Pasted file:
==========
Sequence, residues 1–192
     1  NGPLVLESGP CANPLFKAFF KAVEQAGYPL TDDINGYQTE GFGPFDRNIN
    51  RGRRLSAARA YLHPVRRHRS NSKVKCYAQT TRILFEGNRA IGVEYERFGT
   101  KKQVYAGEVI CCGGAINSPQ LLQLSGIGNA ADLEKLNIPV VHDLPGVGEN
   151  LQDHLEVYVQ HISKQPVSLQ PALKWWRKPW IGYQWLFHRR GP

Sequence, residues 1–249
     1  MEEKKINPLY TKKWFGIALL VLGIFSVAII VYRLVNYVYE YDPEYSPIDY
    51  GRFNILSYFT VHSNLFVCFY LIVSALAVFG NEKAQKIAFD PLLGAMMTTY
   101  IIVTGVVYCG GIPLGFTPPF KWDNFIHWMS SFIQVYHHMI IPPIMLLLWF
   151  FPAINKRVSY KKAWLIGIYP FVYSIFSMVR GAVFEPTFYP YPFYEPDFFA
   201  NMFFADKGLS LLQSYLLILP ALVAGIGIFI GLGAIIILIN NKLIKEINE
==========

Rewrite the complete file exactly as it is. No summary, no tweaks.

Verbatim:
Sequence, residues 1–192
     1  NGPLVLESGP CANPLFKAFF KAVEQAGYPL TDDINGYQTE GFGPFDRNIN
    51  RGRRLSAARA YLHPVRRHRS NSKVKCYAQT TRILFEGNRA IGVEYERFGT
   101  KKQVYAGEVI CCGGAINSPQ LLQLSGIGNA ADLEKLNIPV VHDLPGVGEN
   151  LQDHLEVYVQ HISKQPVSLQ PALKWWRKPW IGYQWLFHRR GP

Sequence, residues 1–249
     1  MEEKKINPLY TKKWFGIALL VLGIFSVAII VYRLVNYVYE YDPEYSPIDY
    51  GRFNILSYFT VHSNLFVCFY LIVSALAVFG NEKAQKIAFD PLLGAMMTTY
   101  IIVTGVVYCG GIPLGFTPPF KWDNFIHWMS SFIQVYHHMI IPPIMLLLWF
   151  FPAINKRVSY KKAWLIGIYP FVYSIFSMVR GAVFEPTFYP YPFYEPDFFA
   201  NMFFADKGLS LLQSYLLILP ALVAGIGIFI GLGAIIILIN NKLIKEINE